Section 11.5:

Reflection and impedance

Section 11.6:

Superposition principle and skills for analyzing wave processes

Section 11.7:

Sound

Section 11.8:

Standing waves on strings

Section 11.9:

Standing waves in air columns

Section 11.10:

The Doppler effect

Page 346:

Questions

Page 347:

Problems

Section 12.1:

Structure of matter

Section 12.2:

Pressure, density, and the mass of particles

Section 12.3:

Quantitative analysis of an ideal gas

Section 12.4:

Temperature

Section 12.5:

Testing the ideal gas law

Section 12.6:

Speed distribution of particles

Section 12.7:

Skills for analyzing processes using the ideal gas law

Section 12.8:

Thermal energy, the Sun, and diffusion

Page 380:

Questions

Page 381:

Problems

Section 13.1:

Density

Section 13.2:

Pressure inside a fluid

Section 13.3:

Pressure variation with depth

Section 13.4:

Measuring atmospheric pressure

Section 13.5:

Bouyant force

Section 13.6:

Skills for analyzing static fluid problems

Section 13.7:

Ships, baloons, climbing, and diving

Page 408:

Questions

Page 409:

Problems

Chapter 14: Fluids in MotionSection 14.1:

Fluids moving across surfaces - qualitative analysis

Section 14.2:

Flow rate and fluid speed

Section 14.3:

Types of fluid flow

Section 14.4:

Bernoulli's equation

Section 14.5:

Skills for analyzing processes using Bernoulli's equation

Section 14.6:

Viscous fluid flow

Section 14.7:

Drag forcePage 435:

Questions

Page 436:

Problems

Chapter 15: First Law of ThermodynamicsSection 15.1:

Internal energy and work in gas processes

Section 15.2:

Two ways to change the energy of a system

Section 15.3:

First law of thermodynamics

Section 15.4:

Applying the first law of thermodynamics to gas processes

Section 15.5:

Specific heat

Section 15.6:

Phase change

Section 15.7:

Heating mechanisms

Page 471:

Questions

Page 472:

Problems

Chapter 16: Second Law of ThermodynamicsSection 16.1:

Irreversible processes

Section 16.2:

Entropy: the microscopic approach

Section 16.3:

Entropy: the macroscopic approach

Section 16.4:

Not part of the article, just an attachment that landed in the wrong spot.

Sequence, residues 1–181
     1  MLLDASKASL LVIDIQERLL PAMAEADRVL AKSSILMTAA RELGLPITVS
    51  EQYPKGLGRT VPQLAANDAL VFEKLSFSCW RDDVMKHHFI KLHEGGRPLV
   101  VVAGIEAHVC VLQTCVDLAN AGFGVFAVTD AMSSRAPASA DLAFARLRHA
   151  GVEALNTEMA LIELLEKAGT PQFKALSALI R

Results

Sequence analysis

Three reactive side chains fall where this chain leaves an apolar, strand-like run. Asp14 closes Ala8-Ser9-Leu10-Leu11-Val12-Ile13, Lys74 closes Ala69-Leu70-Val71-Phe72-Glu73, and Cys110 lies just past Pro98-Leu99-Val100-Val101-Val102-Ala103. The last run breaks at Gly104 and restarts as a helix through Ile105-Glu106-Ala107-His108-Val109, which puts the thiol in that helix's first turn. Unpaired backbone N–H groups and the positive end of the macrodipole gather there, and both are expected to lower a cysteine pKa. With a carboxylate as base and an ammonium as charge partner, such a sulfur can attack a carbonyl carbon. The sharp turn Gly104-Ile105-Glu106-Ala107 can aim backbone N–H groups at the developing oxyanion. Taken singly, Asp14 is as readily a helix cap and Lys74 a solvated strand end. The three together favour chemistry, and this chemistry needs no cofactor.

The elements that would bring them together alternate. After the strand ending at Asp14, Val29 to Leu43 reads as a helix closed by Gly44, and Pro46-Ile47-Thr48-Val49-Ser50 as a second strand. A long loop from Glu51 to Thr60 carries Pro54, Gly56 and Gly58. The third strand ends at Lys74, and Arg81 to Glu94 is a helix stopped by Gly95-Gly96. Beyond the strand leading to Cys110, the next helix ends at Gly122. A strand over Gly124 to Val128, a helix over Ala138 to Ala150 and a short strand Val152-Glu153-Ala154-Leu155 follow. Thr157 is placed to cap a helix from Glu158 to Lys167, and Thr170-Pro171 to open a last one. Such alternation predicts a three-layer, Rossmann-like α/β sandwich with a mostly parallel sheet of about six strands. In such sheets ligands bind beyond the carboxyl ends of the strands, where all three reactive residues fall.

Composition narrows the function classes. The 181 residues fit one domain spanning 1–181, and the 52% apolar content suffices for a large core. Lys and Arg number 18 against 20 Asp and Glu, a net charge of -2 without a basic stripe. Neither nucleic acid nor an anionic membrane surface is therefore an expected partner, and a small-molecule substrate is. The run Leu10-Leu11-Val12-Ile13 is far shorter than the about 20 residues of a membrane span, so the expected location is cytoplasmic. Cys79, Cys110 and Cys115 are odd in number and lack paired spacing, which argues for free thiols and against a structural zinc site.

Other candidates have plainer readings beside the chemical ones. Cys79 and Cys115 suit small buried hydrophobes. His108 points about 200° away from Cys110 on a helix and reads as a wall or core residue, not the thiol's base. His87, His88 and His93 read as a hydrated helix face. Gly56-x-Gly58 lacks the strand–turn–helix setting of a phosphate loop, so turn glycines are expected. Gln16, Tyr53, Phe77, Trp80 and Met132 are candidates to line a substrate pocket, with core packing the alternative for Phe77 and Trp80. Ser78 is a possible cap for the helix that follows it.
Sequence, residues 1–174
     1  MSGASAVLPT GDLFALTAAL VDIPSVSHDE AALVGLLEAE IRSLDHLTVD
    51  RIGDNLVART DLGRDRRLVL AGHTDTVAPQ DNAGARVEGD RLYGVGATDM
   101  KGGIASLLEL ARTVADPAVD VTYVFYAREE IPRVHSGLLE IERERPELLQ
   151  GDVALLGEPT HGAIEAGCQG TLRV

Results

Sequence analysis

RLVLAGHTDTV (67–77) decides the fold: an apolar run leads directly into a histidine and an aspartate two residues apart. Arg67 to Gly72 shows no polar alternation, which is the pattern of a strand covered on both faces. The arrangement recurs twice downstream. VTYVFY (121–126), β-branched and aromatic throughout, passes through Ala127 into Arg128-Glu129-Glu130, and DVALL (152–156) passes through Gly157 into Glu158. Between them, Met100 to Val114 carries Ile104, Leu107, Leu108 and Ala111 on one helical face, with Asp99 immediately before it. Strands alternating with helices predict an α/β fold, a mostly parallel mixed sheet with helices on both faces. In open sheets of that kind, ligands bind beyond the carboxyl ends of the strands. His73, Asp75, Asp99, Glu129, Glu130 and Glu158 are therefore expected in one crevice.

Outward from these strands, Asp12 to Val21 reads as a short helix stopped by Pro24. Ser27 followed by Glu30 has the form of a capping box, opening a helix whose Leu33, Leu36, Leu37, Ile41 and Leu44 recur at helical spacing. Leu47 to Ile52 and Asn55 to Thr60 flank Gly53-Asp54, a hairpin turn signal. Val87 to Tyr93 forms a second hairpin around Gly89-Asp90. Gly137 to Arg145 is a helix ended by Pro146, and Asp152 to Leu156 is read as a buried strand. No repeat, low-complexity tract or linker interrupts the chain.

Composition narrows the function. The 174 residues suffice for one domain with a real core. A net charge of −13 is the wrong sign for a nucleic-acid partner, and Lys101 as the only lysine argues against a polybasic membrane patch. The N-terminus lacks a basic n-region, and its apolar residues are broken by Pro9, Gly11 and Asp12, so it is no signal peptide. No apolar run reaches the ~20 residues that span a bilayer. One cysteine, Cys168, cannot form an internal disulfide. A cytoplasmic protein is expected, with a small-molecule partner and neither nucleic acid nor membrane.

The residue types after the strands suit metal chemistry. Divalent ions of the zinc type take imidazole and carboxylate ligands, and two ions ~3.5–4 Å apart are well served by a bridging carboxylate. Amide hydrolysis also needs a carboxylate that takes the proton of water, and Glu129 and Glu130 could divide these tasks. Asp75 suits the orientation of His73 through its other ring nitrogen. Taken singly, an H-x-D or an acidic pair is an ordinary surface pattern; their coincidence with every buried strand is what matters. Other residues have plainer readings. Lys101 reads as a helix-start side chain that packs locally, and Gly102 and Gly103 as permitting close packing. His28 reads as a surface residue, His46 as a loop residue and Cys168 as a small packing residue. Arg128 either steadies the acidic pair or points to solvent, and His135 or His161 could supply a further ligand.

Quantitative analysis of thermodynamic engines and pumps

Page 496:

Questions

Page 497:

Problems

Chapter 17: Electric Charge, Force, and EnergySection 17.1:

Electrostatic interactions

Section 17.2:

Explanations for electrostatic interactions

Section 17.3:

Conductors and insulators (dielectrics)

Section 17.4:

Coulomb's force law

Section 17.5:

Electric potential energy

Section 17.6:

Skills for analyzing processes involving electric charges

Section 17.7:

Charge separation and photocopying

Page 529:

Questions

Page 530:

Problems

Chapter 18: The Electric FieldSection 18.1:

A model of the mechanism for electrostatic interactions

Section 18.2:

Skills for analyzing processes involving E fields

Section 18.3:

The V field: electric potential

Section 18.4:

Relating the E field and the V field

Section 18.5:

Conductors in electric fields

Section 18.6:

Dielectric materials in an electric field

Section 18.7:

Capacitors

Section 18.8:

Electrocardiography

Page 566:

Questions

Page 567:

Problems

Section 19.1:

Electric current

Section 19.2:

Batteries and emf

Section 19.3:

Making and representing simple circuits

Section 19.4:

Ohm's law

Section 19.5:

Qualitative analysis of circuits

Section 19.6:

Joule's law

Section 19.7:

Kirchhoff's rules

Section 19.8:

Resistor and capacitor circuits

Section 19.9:

Skills for solving circuit problems

Section 19.10:

Properties of resistors

Page 609:

Questions

Page 610:

Problems

Section 20.1:

Magnetic interactions

Section 20.2:

Magnetic field

Section 20.3:

Magnetic force on a current-carrying wire

Section 20.4:

Magnetic force exerted on a single moving charged particle

Section 20.5:

Magnetic fields produced by electric currents

Section 20.6:

Skills for analyzing magnetic processes

Section 20.7:

Magnetic properties of materials

Page 643:

Questions

Page 644:

Problems

Chapter 21: Electromagnetic InductionSection 21.1:

Inducing an electric current

Section 21.2:

Magnetic flux

Section 21.3:

Direction on the induced current

Section 21.4:

Faraday's law of electromagnetic induction